The United States made quite the impression on Churchill, who was then still known as his late father’s son. After his first journey he wrote to his brother: "A great, crude, strong, young people are the Americans—like a boisterous healthy boy among enervated but well-bred ladies and gentlemen."

A glittering career as a soldier and war correspondent soon followed. In South Africa, Churchill was captured by the Boers. His daring escape catapulted him to fame and provided the basis for two speaking tours, one in Great Britain and the other in the United States.

Churchill used these tours to make both money and a name for himself. He also used them to network. As his son Randolph put it, Winston "set about assiduously collecting eminent men to preside at his lectures in the various cities … a local notable to suit every town."

Churchill met the American president, William McKinley, and had dinner with the governor of New York, Theodore Roosevelt, who took a "hearty and enduring dislike" to Winston. Roosevelt would later imply that Churchill wasn’t a gentleman.

Stelzer suggests that Roosevelt might have been motivated by a degree of jealousy—a not unlikely possibility. Alice Roosevelt Longworth, TR’s rambunctious daughter, thought that the two men, both adventurers and writers, were too similar. It did not, thankfully, prevent Winston from eventually forging a partnership with TR’s distant cousin, Franklin D. Roosevelt, who himself initially disliked Churchill.

Churchill’s fame was growing. At one talk, he was even introduced by Mark Twain, who sharply criticized British policy in the Boer War. Churchill, displaying his lifelong gift for magnanimity, didn’t let it get to him. The young Briton continued to attract attention, including from American business and press leaders who recognized him as a rising star. These men and women proved key to developing Churchill’s budding American network.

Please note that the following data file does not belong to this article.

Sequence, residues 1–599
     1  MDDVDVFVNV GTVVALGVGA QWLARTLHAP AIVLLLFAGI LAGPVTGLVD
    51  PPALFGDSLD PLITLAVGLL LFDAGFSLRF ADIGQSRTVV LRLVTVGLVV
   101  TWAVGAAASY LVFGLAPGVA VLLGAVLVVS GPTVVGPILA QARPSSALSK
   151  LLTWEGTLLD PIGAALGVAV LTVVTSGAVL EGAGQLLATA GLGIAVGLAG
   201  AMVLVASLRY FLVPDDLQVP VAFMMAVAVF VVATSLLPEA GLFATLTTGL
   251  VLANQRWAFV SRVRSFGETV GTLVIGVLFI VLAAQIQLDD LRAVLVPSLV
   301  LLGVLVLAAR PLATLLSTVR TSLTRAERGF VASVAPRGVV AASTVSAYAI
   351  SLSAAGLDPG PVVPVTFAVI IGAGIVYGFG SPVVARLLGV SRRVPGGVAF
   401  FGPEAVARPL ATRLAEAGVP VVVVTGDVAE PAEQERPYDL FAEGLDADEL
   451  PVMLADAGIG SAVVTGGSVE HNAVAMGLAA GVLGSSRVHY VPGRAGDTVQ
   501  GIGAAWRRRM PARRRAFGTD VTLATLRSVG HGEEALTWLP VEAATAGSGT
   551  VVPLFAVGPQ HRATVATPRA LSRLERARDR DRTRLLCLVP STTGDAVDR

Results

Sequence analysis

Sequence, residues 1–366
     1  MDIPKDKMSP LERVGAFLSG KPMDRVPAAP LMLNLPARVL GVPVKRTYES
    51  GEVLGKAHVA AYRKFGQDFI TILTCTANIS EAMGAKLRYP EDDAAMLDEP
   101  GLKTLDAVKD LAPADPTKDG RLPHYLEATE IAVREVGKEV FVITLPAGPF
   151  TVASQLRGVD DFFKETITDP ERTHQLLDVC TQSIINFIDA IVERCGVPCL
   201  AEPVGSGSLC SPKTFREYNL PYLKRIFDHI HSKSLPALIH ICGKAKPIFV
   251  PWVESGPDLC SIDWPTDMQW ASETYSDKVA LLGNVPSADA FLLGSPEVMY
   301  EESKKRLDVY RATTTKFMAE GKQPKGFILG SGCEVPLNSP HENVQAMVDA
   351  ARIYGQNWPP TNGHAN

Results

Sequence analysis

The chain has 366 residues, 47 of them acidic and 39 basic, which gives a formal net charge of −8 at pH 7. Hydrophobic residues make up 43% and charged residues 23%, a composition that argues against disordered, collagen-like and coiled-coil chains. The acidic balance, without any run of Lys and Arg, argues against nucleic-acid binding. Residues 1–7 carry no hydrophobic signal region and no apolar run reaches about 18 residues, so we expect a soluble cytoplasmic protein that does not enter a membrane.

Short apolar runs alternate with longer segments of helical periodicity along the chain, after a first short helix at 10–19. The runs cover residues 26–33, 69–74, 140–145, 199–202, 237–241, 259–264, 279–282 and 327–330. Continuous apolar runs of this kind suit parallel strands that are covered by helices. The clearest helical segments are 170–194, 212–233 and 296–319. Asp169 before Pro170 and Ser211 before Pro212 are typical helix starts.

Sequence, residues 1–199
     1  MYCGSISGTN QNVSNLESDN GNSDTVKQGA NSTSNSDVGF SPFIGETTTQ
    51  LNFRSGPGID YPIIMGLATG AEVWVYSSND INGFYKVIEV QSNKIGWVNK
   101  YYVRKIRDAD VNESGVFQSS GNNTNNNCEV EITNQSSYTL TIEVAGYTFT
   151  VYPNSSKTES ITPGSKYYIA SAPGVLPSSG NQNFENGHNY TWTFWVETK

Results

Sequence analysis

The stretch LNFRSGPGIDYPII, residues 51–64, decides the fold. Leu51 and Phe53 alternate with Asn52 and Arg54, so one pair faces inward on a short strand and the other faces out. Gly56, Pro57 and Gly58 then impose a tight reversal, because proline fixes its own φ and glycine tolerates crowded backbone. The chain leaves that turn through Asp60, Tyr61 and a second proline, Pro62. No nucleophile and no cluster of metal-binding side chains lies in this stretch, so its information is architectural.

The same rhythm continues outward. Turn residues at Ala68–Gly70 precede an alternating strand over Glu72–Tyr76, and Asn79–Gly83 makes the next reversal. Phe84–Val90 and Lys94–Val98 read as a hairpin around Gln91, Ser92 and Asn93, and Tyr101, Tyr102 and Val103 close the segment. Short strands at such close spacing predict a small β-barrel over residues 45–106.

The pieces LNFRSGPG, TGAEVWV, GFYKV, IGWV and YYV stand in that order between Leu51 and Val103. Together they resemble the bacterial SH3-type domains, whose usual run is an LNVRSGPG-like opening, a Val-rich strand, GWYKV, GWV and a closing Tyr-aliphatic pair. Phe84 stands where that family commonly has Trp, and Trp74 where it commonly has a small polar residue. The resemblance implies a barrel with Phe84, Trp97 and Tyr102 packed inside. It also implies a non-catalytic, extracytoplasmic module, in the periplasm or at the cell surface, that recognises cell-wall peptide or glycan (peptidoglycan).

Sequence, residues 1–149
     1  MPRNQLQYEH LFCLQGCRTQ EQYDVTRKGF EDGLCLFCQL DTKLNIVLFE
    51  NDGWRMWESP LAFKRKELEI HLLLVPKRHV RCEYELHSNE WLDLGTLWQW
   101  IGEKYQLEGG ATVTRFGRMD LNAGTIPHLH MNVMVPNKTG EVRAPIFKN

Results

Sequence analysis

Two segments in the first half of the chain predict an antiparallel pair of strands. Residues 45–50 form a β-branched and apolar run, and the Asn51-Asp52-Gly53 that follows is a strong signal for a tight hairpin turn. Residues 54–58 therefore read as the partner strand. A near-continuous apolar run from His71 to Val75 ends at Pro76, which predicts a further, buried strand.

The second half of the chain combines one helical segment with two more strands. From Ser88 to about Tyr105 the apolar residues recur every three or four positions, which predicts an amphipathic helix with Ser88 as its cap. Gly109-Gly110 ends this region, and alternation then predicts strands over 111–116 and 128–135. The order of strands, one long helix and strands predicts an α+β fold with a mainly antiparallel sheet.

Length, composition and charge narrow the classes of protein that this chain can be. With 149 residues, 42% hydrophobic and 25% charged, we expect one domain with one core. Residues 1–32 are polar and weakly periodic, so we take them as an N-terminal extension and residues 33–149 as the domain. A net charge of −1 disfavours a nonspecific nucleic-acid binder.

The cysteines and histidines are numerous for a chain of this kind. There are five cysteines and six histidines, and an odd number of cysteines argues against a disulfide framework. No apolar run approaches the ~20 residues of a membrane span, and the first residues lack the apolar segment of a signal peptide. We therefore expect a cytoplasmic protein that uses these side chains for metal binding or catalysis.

And it is here that Stelzer’s book really shines. The author details how Churchill cultivated a wide cast of influential Americans, some of whom, like the press magnate William Randolph Hearst, are well known, while others, like William McAdoo, a Treasury Secretary and future senator, have largely been forgotten.

Hearst and another press baron that Winston courted, Robert McCormick, were fierce critics of the British Empire. Both hewed toward isolationism. Yet, Churchill was undeterred, working assiduously to forge good relations with both men. McAdoo supported Prohibition—an idea Churchill found anathema. But here too, he didn’t let policy differences become personal—a practice that served him well.

Perhaps the most important link in Churchill’s American chain was Bernard Baruch, a finance impresario who advised every Democratic president from Woodrow Wilson through Harry Truman. Baruch described Churchill as "the model of the honorable ally. … I was privileged to have the friendship of this extraordinary man—one of the greatest in history."

Yet, great men, like grand alliances, are not built in a day. As Cita Stelzer demonstrates, hard work is required. And magnanimity, charm, and champagne don’t hurt either.

Churchill’s American Network: Winston Churchill and the Forging of the Special Relationship
by Cita Stelzer
Pegasus Books, 296 pp., $29.95

Sean Durns is a senior research analyst for the Committee for Accuracy in Middle East Reporting and Analysis.